Know your nonprofit: Quest for normalcy | TheUnion.com
YOUR AD HERE »

Know your nonprofit: Quest for normalcy

What is your mission?

Provide peer support, respite, mentoring and recreational programs for all members of families affected by childhood cancer.

What is your yearly budget, and how many paid employees do you have?



$1.6 million and nine paid employees.




What is your nonprofit’s history?

Children who are diagnosed with cancer miss a normal childhood. Their illness, treatment and complications can keep them from enjoying activities that often are taken for granted. And yet these children, like all children, need the opportunity to grow, experiment and discover independence.

Camp Okizu began with the belief that a residential camp can help children struggling with a life-threatening illness to enjoy a normal life, while interacting with others who understand their illness.

All family members are impacted by childhood cancer. Interactions with true peers and the strong sense of community fostered by a residential camp provide valuable emotional and practical support, while allowing everyone to take a break from their routine and have a great time.

In 1982, we began by taking 28 children with cancer to a Campfire program for one week.

Later, we added family camp weekends for parent discussion groups and sibling camp weeks in the summer.

After several years, we added weekends for families who have lost a child and now two weekends for teens who have lost a sibling. We also have added a weekend just for brain tumor families, and a weekend for families where our discussion groups are in Spanish.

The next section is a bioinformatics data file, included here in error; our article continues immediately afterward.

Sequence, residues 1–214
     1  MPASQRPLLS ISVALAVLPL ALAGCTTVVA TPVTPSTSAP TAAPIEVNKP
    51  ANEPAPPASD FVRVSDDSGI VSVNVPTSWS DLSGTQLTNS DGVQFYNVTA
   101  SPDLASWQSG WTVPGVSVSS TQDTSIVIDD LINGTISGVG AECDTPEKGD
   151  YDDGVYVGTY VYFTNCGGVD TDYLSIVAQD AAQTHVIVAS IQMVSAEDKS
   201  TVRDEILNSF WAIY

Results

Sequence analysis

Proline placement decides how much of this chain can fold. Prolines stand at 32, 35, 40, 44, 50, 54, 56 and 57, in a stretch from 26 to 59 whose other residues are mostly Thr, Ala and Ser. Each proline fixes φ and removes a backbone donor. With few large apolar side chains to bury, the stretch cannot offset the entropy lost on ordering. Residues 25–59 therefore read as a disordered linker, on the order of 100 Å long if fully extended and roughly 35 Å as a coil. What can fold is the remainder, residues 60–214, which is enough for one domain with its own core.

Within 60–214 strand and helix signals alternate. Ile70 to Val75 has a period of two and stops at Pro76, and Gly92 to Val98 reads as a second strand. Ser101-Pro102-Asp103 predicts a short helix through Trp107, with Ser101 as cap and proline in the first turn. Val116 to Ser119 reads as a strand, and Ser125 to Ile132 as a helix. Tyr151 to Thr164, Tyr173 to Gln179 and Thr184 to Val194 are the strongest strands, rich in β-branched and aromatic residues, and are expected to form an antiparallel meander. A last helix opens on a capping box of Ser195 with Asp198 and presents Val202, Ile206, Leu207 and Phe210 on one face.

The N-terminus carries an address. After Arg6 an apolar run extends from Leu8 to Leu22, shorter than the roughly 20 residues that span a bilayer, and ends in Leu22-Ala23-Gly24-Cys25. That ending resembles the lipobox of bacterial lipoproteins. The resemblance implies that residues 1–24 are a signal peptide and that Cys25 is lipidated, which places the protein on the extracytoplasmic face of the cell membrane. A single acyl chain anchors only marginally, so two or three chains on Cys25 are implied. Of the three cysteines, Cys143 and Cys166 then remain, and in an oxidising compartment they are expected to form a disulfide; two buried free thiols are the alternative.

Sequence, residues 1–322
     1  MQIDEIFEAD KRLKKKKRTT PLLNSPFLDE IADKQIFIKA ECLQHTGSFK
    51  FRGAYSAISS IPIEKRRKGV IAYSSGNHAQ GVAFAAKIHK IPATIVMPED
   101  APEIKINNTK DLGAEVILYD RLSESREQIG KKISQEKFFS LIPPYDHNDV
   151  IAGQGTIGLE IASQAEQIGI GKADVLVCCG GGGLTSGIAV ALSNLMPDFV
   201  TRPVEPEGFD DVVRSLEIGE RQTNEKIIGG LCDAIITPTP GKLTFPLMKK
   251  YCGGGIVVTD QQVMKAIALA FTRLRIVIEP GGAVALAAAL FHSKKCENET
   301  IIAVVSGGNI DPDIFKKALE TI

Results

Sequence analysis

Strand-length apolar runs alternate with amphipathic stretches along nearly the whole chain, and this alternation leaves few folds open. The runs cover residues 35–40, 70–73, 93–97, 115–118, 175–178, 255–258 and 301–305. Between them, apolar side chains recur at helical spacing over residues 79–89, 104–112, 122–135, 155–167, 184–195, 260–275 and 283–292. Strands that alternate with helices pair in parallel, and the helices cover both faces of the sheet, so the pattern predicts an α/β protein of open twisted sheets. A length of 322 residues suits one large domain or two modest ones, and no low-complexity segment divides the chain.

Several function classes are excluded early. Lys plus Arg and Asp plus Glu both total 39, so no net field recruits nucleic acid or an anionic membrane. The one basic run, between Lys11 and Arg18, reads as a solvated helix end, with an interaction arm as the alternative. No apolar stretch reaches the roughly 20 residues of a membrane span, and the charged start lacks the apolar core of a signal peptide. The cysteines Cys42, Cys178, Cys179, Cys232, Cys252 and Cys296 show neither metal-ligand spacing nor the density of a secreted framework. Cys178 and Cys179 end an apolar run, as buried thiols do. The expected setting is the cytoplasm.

Who is your primary audience?

Families in Northern California who have or had a child with cancer.

List your biggest achievements.

• Supporting all family members affected by childhood cancer – about 2,500 people a year.

• Accommodating every family in Northern California that wanted to come without ever charging a fee or turning anyone away.

• Expanding to provide programs for young adults 18-25 diagnosed with cancer.

List your biggest challenges.

• Funding in difficult economic times, as demand rises.

• Getting sufficient volunteers to help run each program.

• Repair and maintenance of our beautiful camp in Berry Creek, just east of Lake Oroville.

What is your No. 1 short-term goal?

Pay off our mortgage.

What is your No. 1 long-term goal?

Add programs that meet the needs of our population and caregivers.

What are your major fundraisers and dates?

• Climbing for a Cause, Oct. 9, Grass Valley (see box for details)

• Celebration for Okizu, Oct. 23, Sacramento

• Art Inspiring Hope, March 12, 2011, San Francisco

What is the best way to help?

• Become a volunteer staffer for a family camp weekend or nine-day summer camp program

• Volunteer at a work weekend at the camp

• Attend a fundraiser

• Donate an item from the wish list

• Donate financially


Support Local Journalism


Support Local Journalism

Readers around Grass Valley and Nevada County make The Union’s work possible. Your financial contribution supports our efforts to deliver quality, locally relevant journalism.

Now more than ever, your support is critical to help us keep our community informed about the evolving coronavirus pandemic and the impact it is having locally. Every contribution, however large or small, will make a difference.

Your donation will help us continue to cover COVID-19 and our other vital local news.

 

Start a dialogue, stay on topic and be civil.
If you don't follow the rules, your comment may be deleted.

User Legend: iconModerator iconTrusted User